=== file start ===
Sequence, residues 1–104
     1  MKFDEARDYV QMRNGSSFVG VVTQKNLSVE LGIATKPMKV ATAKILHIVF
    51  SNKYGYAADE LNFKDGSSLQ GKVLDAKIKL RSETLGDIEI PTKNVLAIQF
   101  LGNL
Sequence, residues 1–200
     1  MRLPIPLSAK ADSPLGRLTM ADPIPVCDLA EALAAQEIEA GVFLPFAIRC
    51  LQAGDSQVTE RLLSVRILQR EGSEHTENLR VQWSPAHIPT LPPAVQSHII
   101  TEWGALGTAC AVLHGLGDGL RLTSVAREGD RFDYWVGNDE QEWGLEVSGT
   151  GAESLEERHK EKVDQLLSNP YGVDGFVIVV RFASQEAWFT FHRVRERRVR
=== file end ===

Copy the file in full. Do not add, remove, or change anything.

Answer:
Sequence, residues 1–104
     1  MKFDEARDYV QMRNGSSFVG VVTQKNLSVE LGIATKPMKV ATAKILHIVF
    51  SNKYGYAADE LNFKDGSSLQ GKVLDAKIKL RSETLGDIEI PTKNVLAIQF
   101  LGNL
Sequence, residues 1–200
     1  MRLPIPLSAK ADSPLGRLTM ADPIPVCDLA EALAAQEIEA GVFLPFAIRC
    51  LQAGDSQVTE RLLSVRILQR EGSEHTENLR VQWSPAHIPT LPPAVQSHII
   101  TEWGALGTAC AVLHGLGDGL RLTSVAREGD RFDYWVGNDE QEWGLEVSGT
   151  GAESLEERHK EKVDQLLSNP YGVDGFVIVV RFASQEAWFT FHRVRERRVR